Sun in the treetops. A Carolina wren keeps answering a flicker, as if trying to master its call. Tree crickets. A train horn.
Sun glimmering through thin, high clouds. The distant rumble of a train. In the long grass, each drop of dew begins to shine.
As above, so below—the ground the same white as the cloud ceiling. My thick hat excludes all but the sound of wind and birds and a train horn’s dissonant chord.
Bright and cold. I pull down my hat brim to see the shadows of the trees striping my yard. Valley noise is minimal but for one train horn, clear as a blast on an angel’s trumpet.
Cold and still. Dove wings accompany a train whistle. A red sunrise creeps down the western ridge.
Sunrise has been delayed by clouds, but I hold out hope. A wren tuts impatiently. A train horn blows a flat minor chord.
Cool and clear except for wisps of shredded contrails. Sound is out of the east: rumble of a train, the quarry’s grind.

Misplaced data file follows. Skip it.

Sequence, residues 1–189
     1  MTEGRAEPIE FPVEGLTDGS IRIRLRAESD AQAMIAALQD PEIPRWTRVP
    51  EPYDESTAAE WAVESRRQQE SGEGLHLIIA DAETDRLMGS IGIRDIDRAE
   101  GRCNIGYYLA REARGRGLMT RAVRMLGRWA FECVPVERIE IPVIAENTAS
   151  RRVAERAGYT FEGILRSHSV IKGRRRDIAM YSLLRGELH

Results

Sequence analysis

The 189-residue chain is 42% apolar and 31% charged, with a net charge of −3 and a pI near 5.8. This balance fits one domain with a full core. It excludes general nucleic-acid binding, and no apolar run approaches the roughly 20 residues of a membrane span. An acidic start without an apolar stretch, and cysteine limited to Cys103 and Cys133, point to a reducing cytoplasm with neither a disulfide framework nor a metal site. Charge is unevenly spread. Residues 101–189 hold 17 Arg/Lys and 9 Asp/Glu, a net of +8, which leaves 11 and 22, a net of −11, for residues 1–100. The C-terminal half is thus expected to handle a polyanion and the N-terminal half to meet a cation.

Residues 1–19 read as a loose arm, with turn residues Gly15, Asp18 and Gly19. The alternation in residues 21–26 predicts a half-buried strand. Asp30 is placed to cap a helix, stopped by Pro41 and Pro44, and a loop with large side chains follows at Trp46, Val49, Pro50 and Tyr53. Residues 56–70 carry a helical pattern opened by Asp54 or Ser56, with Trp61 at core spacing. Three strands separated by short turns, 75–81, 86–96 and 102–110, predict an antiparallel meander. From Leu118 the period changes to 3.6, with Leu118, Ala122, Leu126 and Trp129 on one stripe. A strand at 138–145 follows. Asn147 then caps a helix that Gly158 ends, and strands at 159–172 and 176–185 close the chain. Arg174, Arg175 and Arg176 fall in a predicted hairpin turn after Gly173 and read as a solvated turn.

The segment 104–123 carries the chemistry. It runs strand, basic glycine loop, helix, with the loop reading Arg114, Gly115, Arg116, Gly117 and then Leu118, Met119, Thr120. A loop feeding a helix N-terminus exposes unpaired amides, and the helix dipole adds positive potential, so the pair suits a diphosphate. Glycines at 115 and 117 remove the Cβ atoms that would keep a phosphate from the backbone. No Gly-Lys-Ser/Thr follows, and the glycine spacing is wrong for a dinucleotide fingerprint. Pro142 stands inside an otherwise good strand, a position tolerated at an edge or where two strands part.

Half awake at half-light. The dawn chorus starts promptly at 5:00 with field sparrow and towhee, then song sparrow, phoebe, robin. Train horn.
Cool beginning of a day forecast to be hot. The high, thin whistles of waxwings. A fantastically dissonant freight train horn.
Sun shining through thin, high clouds. An inversion layer turns the rumble of a freight train into something I can feel in my chest.
Heavily overcast, with the background rumble of industry: a whole Monday-after-Christmas mood. A raven’s hoarse commentary.
Little is audible over the drumming of the rain but a train horn—and of course the Carolina wren, sounding as insistently joyous as ever.
Full moon gone in, I feel snowflakes on my face, their almost clinical touch. The sound of a train. The springhouse roof turning white.
Dawn comes with a light breeze rummaging through the oaks, a freight train laboring up the valley, the tutting of robins.